Business and Tax Enforcement is a vital part of the IRS. We have opportunities for individuals interested in applying their analytical and investigative skills to educate customers on meeting their tax responsibilities while enforcing the tax laws. If you do join us you won’t be disappointed with the many benefits we offer, the opportunities for advancement, or the dedicated professionals that you will meet and work with.
Internal Revenue Officer
Working for the nation as an IRS Internal Revenue Officer, you’ll be a highly trained professional protecting the interests of the federal government and the tax-paying public. Your primary focus will involve collecting delinquent tax accounts and securing delinquent tax returns.
You may be conducting research, interviews, investigations, analyzing financial statements and contacting third parties for information. Your work will be performed on a case-by-case basis, each requiring a certain — and sometimes different — course of action. No two days will be alike.
Your best-in-class IRS training will include classes in tax law, business law, investigative techniques and enforcement procedures. It's all designed to prepare you as rapidly as possible for independent performance — as well as for the opportunity to work in the field from day one. Internal Revenue Officers work in IRS field offices throughout the country. Plus, you’ll build practical skills that can lead to any number of diverse career tracks, with the opportunity for career growth and advancement.
Entry level qualification requirements are either a bachelor’s degree in any subject or experience in and knowledge of organization and commercial practices, investigative techniques and/or delinquent loan collection processes. In the IRS, you have a career that invests in you by offering continuing education assistance, work-life balance, plus great insurance and retirement benefits.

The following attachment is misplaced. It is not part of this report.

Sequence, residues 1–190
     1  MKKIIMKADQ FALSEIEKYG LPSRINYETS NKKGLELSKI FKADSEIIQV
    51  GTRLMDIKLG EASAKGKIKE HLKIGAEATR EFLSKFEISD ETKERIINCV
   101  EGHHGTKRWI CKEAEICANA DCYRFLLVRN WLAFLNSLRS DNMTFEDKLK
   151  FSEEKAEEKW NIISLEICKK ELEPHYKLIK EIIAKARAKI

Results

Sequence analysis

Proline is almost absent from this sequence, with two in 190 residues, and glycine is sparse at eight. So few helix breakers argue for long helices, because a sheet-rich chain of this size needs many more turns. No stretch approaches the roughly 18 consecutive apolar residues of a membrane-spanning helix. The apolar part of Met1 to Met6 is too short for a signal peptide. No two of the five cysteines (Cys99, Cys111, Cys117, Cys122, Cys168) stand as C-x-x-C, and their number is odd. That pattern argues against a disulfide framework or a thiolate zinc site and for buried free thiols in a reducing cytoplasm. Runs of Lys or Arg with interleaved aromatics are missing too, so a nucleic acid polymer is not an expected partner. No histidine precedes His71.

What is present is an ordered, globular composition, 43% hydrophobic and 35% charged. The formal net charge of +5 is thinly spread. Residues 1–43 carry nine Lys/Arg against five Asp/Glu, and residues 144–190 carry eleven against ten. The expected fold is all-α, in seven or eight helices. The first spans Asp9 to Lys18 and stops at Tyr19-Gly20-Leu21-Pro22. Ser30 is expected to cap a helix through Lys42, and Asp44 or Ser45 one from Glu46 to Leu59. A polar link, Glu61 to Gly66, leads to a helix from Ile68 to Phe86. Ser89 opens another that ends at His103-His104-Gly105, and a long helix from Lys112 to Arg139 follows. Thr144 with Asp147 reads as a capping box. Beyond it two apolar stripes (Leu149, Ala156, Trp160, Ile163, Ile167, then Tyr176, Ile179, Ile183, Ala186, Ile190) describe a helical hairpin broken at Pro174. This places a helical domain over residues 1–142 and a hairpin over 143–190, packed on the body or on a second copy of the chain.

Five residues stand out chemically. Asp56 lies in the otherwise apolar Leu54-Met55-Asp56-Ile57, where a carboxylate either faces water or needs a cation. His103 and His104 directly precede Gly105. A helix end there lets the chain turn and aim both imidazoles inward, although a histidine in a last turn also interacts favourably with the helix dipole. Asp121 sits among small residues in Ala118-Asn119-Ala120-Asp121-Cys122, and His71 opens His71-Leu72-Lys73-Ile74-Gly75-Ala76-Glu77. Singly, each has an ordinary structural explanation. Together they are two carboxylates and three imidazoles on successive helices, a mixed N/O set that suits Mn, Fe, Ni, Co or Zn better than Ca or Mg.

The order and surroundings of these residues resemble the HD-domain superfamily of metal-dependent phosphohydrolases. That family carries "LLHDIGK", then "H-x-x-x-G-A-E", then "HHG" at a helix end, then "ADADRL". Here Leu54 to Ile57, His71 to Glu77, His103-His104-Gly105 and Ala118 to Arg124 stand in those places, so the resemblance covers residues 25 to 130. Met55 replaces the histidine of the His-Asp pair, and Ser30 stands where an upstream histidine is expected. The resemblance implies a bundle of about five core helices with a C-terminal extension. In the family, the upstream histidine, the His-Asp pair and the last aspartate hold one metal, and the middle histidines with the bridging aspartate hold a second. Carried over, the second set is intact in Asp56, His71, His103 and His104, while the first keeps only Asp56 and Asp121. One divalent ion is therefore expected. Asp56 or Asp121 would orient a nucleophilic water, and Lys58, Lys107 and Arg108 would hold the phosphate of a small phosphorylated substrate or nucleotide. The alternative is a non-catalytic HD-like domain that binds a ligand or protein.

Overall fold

Internal Revenue Officer Role
The role of the Revenue Officer is to collect taxes that are delinquent and have not been paid to the IRS and to secure tax returns that are overdue from taxpayers.
To fulfill this role, Revenue Officers:
Conduct face-to-face interviews with taxpayers (and/or their representatives) at the taxpayer’s place of business or residence or, on rare occasions, at the Revenue Officer’s office. These interviews may be scheduled or unscheduled (cold calls), depending upon the case. This is done as part of the investigative process of collecting delinquent taxes and securing delinquent tax returns.
Obtain and analyze financial information to determine the taxpayer’s ability to pay the tax bill.
Collect monies from individuals and business for taxes due. Taxpayers are normally individuals and businesses. The Revenue Officer can consider alternative means of resolving tax debt issues when the taxpayer cannot pay the debt in full such as:
- Setting up payment agreements which allow the taxpayer to pay the bill over time
- When appropriate, granting relief from penalties imposed when the tax bill is overdue
- Suspending collection of accounts due to financial hardship
Garnish bank accounts and wages as well as seize real and personal property to satisfy delinquent taxes. Real estate seizures do not involve taking immediate physical possession or evicting occupants from the property.
Educate taxpayers on their tax filing and paying obligations, and provide guidance and service on a wide range of financial problems to assist the taxpayer toward a positive course of action to resolve their tax issues.
Inform taxpayers of their rights under the law and provide them with quality customer service while ensuring their own personal safety and well being.
Manage an inventory of cases and complete required case actions documenting case histories in support of case decisions.